Finland’s nuclear safety watchdog says that the Fennovoima consortium does not yet have the know-how needed for the design of a safe nuclear power plant.
The Finnish Radiation and Nuclear Safety Authority on Friday submitted its preliminary safety evaluation of the proposed Fennovoima power plant to the nation's Ministry of Employment and the Economy.
The authority says that Fennovoima, which wants to build its first facility at Hanhikivi near the west-coast town of Rauma, must beef up its organization and leadership system, as well as the security plans for the proposed plant. The authority says there must be design changes to meet Finnish safety standards to cope with potential dangers at the plant site such as an airplane crash, flooding, fire or a serious accident.
Radiation and Nuclear Safety Authority Director General Petteri Tiippana says the consortium must concentrate on strengthening these areas in order to be ready for the construction permit phase. He added that the company must present the authority with comprehensive documentation on the proposed facility’s safety that is complete enough to be decided on in one step.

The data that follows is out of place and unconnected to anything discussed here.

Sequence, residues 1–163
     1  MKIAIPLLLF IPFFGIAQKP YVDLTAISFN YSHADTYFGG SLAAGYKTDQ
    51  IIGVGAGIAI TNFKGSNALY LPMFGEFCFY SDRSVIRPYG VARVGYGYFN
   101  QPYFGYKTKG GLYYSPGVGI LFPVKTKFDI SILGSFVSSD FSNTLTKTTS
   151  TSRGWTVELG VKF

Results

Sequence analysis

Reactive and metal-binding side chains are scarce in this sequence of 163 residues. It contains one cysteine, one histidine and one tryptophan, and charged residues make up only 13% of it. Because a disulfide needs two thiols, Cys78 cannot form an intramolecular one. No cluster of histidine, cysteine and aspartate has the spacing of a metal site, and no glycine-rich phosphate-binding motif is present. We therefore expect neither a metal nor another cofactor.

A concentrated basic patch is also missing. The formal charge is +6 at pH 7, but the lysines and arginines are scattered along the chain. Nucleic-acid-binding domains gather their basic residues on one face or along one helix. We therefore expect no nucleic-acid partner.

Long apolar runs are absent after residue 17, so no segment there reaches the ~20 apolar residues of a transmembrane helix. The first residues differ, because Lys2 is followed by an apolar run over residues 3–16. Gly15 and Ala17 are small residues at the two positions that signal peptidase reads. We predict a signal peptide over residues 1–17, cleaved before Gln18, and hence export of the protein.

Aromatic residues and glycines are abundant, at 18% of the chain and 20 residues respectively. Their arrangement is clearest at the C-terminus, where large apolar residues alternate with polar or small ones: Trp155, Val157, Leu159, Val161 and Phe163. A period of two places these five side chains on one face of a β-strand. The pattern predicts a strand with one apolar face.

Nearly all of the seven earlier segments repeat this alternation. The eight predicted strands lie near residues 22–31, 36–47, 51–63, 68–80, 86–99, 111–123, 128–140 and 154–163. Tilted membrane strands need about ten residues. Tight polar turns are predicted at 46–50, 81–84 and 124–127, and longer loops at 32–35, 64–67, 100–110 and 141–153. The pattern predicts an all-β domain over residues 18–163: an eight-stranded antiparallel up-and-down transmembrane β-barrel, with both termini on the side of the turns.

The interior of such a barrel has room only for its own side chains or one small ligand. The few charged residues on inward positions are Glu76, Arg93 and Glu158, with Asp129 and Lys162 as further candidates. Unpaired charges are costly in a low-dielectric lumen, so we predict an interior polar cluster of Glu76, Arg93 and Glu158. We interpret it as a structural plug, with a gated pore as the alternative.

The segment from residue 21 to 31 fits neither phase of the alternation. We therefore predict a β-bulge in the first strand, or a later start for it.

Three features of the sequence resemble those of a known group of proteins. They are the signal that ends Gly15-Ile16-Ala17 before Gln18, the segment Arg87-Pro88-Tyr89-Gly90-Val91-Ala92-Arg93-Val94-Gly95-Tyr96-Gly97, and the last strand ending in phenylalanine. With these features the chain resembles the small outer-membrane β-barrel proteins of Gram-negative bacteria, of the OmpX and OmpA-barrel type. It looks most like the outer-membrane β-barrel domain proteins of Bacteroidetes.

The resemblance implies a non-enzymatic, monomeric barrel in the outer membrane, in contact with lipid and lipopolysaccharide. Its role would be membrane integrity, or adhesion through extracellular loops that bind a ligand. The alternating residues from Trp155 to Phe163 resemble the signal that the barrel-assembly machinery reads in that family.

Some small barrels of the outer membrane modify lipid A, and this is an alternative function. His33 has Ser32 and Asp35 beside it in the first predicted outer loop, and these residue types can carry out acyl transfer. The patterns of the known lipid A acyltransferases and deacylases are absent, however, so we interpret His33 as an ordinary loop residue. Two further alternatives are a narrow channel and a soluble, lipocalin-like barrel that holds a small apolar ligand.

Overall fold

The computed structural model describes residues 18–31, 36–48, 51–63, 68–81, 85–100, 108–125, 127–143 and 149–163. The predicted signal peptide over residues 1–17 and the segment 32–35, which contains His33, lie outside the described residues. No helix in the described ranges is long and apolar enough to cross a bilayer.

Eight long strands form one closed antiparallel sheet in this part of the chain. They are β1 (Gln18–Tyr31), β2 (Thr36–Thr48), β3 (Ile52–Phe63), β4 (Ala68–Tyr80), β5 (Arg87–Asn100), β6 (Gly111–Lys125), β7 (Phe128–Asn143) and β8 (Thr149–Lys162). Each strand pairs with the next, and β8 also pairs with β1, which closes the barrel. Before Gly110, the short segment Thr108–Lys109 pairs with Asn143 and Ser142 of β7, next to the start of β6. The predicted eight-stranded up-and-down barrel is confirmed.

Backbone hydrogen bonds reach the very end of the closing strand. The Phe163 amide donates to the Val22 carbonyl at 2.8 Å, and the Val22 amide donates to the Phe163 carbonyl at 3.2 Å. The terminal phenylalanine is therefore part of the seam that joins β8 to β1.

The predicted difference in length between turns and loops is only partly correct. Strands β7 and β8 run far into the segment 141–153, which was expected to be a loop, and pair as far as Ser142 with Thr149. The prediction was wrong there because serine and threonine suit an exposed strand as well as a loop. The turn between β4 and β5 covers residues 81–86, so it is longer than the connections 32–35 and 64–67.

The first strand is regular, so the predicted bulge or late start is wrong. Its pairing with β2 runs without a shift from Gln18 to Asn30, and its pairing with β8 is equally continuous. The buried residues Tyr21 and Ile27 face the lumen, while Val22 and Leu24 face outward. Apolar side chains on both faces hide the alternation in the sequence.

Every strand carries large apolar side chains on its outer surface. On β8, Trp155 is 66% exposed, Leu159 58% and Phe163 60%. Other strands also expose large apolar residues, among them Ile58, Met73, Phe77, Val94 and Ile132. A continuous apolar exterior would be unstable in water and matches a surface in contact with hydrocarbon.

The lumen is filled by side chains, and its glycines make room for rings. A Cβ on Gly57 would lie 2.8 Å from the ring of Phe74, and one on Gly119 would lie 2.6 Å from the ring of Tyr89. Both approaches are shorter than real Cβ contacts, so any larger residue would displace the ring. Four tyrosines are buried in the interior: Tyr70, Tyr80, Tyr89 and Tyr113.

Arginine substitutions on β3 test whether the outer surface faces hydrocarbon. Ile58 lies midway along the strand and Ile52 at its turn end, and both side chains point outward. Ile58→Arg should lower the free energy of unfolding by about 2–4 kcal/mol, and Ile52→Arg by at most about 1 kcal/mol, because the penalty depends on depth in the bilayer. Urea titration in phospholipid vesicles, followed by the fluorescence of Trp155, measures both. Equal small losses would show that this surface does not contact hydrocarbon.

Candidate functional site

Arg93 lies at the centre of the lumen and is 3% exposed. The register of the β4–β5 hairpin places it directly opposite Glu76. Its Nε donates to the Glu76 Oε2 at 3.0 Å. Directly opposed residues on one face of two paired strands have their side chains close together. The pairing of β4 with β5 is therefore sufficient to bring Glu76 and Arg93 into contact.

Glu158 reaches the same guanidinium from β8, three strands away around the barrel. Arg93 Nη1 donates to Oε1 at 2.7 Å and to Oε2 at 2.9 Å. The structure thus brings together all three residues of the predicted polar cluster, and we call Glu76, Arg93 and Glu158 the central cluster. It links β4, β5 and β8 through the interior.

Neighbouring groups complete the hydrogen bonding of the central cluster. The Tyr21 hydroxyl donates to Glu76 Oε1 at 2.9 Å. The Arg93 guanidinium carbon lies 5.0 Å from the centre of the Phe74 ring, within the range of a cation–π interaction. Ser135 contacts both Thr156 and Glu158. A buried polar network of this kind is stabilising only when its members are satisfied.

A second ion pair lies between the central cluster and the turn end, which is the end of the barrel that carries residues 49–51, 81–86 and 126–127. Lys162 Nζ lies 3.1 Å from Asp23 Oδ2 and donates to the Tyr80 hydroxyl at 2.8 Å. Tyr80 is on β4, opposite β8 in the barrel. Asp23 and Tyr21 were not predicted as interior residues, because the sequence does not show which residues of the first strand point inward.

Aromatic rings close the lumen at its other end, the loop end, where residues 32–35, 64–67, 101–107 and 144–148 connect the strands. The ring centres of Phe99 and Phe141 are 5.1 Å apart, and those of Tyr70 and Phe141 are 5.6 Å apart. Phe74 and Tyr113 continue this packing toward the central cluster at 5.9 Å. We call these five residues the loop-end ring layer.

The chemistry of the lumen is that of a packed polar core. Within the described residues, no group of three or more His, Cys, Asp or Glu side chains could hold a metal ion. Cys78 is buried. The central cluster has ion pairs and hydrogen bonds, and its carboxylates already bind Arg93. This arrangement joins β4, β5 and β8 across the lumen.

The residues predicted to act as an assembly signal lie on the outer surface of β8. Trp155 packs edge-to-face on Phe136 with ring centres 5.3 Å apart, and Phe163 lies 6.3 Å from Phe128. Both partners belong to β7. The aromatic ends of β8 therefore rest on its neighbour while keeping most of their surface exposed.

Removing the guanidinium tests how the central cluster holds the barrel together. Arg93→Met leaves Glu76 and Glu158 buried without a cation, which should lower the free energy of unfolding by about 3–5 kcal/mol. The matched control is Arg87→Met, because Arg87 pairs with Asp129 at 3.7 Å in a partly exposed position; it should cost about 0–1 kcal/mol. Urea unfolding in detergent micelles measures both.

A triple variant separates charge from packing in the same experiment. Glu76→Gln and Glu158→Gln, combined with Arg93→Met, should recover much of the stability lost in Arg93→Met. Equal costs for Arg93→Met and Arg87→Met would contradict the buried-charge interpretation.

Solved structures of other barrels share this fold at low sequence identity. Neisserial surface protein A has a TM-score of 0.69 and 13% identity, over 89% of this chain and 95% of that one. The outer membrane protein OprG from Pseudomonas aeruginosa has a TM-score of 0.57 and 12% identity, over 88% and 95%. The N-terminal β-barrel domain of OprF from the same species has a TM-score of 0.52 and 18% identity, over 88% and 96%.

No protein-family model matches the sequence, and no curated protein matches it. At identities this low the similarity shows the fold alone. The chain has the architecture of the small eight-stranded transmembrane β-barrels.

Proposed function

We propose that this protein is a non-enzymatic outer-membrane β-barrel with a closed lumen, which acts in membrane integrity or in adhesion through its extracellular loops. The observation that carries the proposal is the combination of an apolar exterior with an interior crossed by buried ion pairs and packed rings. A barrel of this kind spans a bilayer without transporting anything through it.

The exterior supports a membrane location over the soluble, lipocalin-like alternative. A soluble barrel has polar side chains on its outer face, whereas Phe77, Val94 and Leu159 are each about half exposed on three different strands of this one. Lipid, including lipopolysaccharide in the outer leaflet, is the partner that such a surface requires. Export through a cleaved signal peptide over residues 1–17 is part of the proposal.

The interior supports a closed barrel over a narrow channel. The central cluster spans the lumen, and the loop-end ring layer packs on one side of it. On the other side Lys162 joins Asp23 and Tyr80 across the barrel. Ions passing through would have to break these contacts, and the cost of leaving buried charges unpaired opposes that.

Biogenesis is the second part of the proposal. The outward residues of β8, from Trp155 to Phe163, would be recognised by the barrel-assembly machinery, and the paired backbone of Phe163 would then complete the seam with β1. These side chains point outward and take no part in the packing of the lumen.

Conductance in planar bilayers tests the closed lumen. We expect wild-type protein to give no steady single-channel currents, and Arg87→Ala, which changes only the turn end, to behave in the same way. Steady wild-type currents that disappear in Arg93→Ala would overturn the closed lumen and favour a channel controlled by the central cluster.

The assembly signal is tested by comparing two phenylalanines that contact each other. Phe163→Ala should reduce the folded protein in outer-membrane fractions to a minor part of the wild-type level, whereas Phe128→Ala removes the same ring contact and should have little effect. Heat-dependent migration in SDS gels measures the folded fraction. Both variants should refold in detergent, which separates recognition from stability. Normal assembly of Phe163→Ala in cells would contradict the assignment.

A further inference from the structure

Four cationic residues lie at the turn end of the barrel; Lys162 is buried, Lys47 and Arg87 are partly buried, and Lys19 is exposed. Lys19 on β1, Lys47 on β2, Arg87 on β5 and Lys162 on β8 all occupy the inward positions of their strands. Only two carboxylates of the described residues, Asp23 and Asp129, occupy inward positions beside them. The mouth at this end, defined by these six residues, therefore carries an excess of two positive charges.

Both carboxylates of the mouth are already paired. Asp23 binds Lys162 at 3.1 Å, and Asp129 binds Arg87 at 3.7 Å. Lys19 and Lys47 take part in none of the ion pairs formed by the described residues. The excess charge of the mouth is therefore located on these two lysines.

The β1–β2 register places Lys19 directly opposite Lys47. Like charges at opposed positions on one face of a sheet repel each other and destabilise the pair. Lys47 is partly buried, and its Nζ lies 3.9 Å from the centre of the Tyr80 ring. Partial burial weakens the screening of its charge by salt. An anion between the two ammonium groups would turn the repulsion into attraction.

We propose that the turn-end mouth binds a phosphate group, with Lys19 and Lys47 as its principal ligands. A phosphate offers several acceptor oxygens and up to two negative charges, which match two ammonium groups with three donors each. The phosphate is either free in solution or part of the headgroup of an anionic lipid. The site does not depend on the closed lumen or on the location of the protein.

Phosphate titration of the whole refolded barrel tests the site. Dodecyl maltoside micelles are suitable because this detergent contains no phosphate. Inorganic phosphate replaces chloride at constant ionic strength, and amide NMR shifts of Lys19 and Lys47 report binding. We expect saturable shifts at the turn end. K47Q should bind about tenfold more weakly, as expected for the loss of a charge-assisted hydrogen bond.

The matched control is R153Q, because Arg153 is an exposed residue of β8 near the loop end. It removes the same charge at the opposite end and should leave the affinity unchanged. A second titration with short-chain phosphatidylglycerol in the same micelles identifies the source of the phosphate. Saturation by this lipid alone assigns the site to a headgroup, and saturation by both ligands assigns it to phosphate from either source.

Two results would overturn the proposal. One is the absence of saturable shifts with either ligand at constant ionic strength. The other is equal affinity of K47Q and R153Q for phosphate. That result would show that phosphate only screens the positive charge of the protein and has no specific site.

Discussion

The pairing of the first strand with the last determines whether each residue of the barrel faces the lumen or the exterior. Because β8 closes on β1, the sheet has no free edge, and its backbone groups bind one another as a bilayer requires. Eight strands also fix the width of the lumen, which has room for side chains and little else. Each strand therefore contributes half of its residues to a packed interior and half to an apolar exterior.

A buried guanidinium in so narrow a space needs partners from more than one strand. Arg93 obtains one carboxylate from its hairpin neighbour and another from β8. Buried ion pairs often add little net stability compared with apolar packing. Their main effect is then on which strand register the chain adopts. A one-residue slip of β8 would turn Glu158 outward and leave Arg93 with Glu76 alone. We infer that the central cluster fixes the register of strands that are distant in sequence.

Tiippana says the tougher demands are aimed at preventing the kinds of problems faced by the still-incomplete Olkiluoto 3. That project, by the experienced nuclear utility TVO, is far behind schedule and over budget.
`A big, demanding job'
In Tiippana’s view, Fennovoima still has plenty of work to do in improving its management structure. He points out the deadline for the firm to file its construction permit application is just over a year away.
Tiippana says that another important demand involves instructing and guiding the planned supplier of the plant, the Russian state-owned firm Rosatom, about Finnish practices and demands regarding plant design.
“This is a big, demanding job, which requires know-how,” he told Yle.
Tiippana says that the authority is putting other companies and agencies involved on notice that its demands may have scheduling repercussions.
The Finnish government is expected to reconsider Fennovoima’s decision-in-principle this summer or autumn, in light of major changes in plans since the project originally received a green light.
This story is posted on Alaska Dispatch as part of Eye on the Arctic, a collaborative partnership between public and private circumpolar media organizations.